made by the plaintiff in this case. 6 In the complaint for declaration of nullity of marriage
filed by private respondents herein, it was alleged that Estrellita and Tamano were
married in accordance with the provisions of the Civil Code. Never was it mentioned that
Estrellita and Tamano were married under Muslim laws or PD No. 1083. Interestingly,
Estrellita never stated in her Motion to Dismiss that she and Tamano were married under
Muslim laws. That she was in fact married to Tamano under Muslim laws was first
mentioned only in her Motion for Reconsideration.
Nevertheless, the Regional Trial Court was not divested of jurisdiction to hear and try the
instant case despite the allegation in the Motion for Reconsideration that Estrellita and
Tamano were likewise married in Muslim rites. This is because a court's jurisdiction
cannot be made to depend upon defenses set up in the answer, in a motion to dismiss, or

in a motion for reconsideration, but only upon the allegations of the complaint. 7
Jurisdiction over the subject matter of a case is determined from the allegations of the
complaint as the latter comprises a concise statement of the ultimate facts constituting the
plaintiff's causes of action. 8
Petitioner argues that the shari'a courts have jurisdiction over the instant suit pursuant to
Art. 13, Title II, PD No. 1083, 9 which provides
Art. 13. Application. (1) The provisions of this Title shall apply to
marriage and divorce wherein both parties are Muslims, or wherein only
the male party is a Muslim and the marriage is solemnized in accordance
with Muslim law or this Code in any part of the Philippines.
(2) In case of a marriage between a Muslim and a non-Muslim,
solemnized not in accordance with Muslim law or this Code, the Civil
Code of the Philippines shall apply.
(3) Subject to the provisions of the preceding paragraphs, the essential
requisites and legal impediments to marriage, divorce, paternity and
filiation, guardianship and custody of minors, support and maintenance,
claims for customary dower (mahr), betrothal, breach of contract to marry,
solemnization and registration of marriage and divorce, rights and
obligations between husband and wife, parental authority, and the property
relations between husband and wife shall be governed by this Code and
other applicable Muslim laws.
As alleged in the complaint, petitioner and Tamano were married in accordance with the
Civil Code. Hence, contrary to the position of petitioner, the Civil Code is applicable in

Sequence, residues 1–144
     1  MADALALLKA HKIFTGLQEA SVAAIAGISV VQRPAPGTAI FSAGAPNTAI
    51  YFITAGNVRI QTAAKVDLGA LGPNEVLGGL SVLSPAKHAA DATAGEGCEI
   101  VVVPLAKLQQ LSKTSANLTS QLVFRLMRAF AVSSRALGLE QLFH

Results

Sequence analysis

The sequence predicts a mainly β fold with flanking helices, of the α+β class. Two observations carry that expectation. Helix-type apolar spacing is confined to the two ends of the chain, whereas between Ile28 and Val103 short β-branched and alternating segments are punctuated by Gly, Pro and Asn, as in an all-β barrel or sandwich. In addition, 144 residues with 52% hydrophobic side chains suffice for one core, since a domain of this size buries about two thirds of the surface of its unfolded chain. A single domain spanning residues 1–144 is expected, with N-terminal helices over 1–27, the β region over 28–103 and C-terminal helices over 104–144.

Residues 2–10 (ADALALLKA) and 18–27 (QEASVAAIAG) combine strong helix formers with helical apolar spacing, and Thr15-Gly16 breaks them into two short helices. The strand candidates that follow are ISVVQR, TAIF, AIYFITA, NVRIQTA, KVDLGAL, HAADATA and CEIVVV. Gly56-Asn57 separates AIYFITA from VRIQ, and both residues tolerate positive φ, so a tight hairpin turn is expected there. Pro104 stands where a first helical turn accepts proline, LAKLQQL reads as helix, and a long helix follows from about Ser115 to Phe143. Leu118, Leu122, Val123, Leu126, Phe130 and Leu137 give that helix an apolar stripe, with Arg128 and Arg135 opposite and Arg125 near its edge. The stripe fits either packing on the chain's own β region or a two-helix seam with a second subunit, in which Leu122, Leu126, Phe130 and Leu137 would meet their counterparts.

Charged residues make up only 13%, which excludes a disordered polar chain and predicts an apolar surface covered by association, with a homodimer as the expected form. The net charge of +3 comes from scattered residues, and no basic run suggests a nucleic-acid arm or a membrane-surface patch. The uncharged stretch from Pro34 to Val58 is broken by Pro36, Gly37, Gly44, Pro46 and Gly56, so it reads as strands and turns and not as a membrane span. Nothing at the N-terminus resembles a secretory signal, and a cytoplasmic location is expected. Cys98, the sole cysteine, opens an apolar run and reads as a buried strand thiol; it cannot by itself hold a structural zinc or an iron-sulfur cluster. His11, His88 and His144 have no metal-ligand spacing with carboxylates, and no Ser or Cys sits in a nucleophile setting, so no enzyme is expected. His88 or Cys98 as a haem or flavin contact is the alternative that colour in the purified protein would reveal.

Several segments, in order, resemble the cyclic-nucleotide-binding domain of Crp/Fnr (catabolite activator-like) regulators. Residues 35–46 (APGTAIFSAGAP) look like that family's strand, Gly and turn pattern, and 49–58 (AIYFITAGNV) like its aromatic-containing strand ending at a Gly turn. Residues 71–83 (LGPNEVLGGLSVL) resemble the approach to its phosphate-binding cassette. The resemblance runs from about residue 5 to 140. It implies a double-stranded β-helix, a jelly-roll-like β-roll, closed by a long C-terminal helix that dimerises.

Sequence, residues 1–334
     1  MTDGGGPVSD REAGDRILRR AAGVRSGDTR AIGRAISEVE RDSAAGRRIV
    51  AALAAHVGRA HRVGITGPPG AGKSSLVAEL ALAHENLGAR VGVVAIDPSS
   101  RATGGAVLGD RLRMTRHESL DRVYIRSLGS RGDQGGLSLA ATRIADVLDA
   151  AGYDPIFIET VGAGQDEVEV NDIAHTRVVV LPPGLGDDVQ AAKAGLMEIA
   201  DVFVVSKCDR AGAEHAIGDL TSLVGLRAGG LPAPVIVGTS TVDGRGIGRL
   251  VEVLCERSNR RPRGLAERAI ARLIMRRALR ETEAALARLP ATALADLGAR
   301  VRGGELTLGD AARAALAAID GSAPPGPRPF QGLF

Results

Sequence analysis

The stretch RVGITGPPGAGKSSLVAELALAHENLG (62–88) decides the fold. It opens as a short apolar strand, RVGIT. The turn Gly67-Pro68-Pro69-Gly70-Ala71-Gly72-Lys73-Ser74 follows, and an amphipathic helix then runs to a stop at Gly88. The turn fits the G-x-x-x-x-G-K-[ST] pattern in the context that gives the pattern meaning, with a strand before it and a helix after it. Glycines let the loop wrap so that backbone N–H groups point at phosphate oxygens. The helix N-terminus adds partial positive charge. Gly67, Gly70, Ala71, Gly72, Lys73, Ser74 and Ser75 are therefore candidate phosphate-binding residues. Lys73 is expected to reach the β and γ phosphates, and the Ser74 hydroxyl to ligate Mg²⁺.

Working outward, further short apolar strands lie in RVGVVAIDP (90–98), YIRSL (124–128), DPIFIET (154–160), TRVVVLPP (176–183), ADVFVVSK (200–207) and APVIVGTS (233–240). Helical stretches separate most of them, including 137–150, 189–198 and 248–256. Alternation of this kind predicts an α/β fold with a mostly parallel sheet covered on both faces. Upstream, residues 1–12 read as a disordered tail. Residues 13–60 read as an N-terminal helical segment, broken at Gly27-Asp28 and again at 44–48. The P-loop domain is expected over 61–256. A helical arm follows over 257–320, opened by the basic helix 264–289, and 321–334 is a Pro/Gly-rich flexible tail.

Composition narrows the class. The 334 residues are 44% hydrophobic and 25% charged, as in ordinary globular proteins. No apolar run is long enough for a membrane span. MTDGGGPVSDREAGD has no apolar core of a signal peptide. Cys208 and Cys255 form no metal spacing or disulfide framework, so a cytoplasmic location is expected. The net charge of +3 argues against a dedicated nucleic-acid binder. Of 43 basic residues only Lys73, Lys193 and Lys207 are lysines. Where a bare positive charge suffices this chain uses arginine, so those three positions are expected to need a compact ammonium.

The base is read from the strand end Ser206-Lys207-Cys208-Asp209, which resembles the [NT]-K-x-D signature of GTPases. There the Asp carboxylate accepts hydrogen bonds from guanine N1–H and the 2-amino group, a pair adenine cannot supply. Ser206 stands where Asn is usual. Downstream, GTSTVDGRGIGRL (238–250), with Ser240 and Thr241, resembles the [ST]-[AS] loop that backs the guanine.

the instant case. Assuming that indeed petitioner and Tamano were likewise married
under Muslim laws, the same would still fall under the general original jurisdiction of the
Regional Trial Courts.
Article 13 of PD No. 1083 does not provide for a situation where the parties were married
both in civil and Muslim rites. Consequently, the shari'a courts are not vested with
original and exclusive jurisdiction when it comes to marriages celebrated under both civil
and Muslim laws. Consequently, the Regional Trial Courts are not divested of their
general original jurisdiction under Sec. 19, par. (6) of BP Blg. 129 which provides
Sec. 19. Jurisdiction in Civil Cases. Regional Trial Courts shall
exercise exclusive original jurisdiction: . . . (6) In all cases not within the
exclusive jurisdiction of any court, tribunal, person or body exercising
judicial or quasi-judicial functions . . .
WHEREFORE, the instant petition is DENIED. The decision of the Court of Appeals
sustaining the 18 July 1995 and 22 August 1995 orders of the Regional Trial Court Br.
89, Quezon City, denying the motion to dismiss and reconsideration thereof, is

AFFIRMED. Let the records of this case be immediately remanded to the court of origin
for further proceedings until terminated.
SO ORDERED.
Davide, Jr., Vitug, Panganiban and Quisumbing, JJ., concur.
Footnotes
1 Motion to Dismiss, p. 3; Rollo, p. 52.
2 Order, p. 2; Records, p. 20.
3 Sec. 79, BP 129 as amended.
4 Sec. 19, B.P. Blg. 129, as amended, otherwise known as The Judiciary
Reorganization Act of 1980.
5 Sec. 2, Rule 4, 1997 Rules of Civil Procedure, as amended.
6 Sandel v. Court of Appeals, G.R. No. 117250, 19 September 1996, 262
SCRA 109.
7 Id., p. 110.
8 Bernardo v. Court of Appeals, G.R. No. 120730, 28 October 1996, 263
SCRA 660.
9 The Code of Muslim Personal Laws of the Philippines.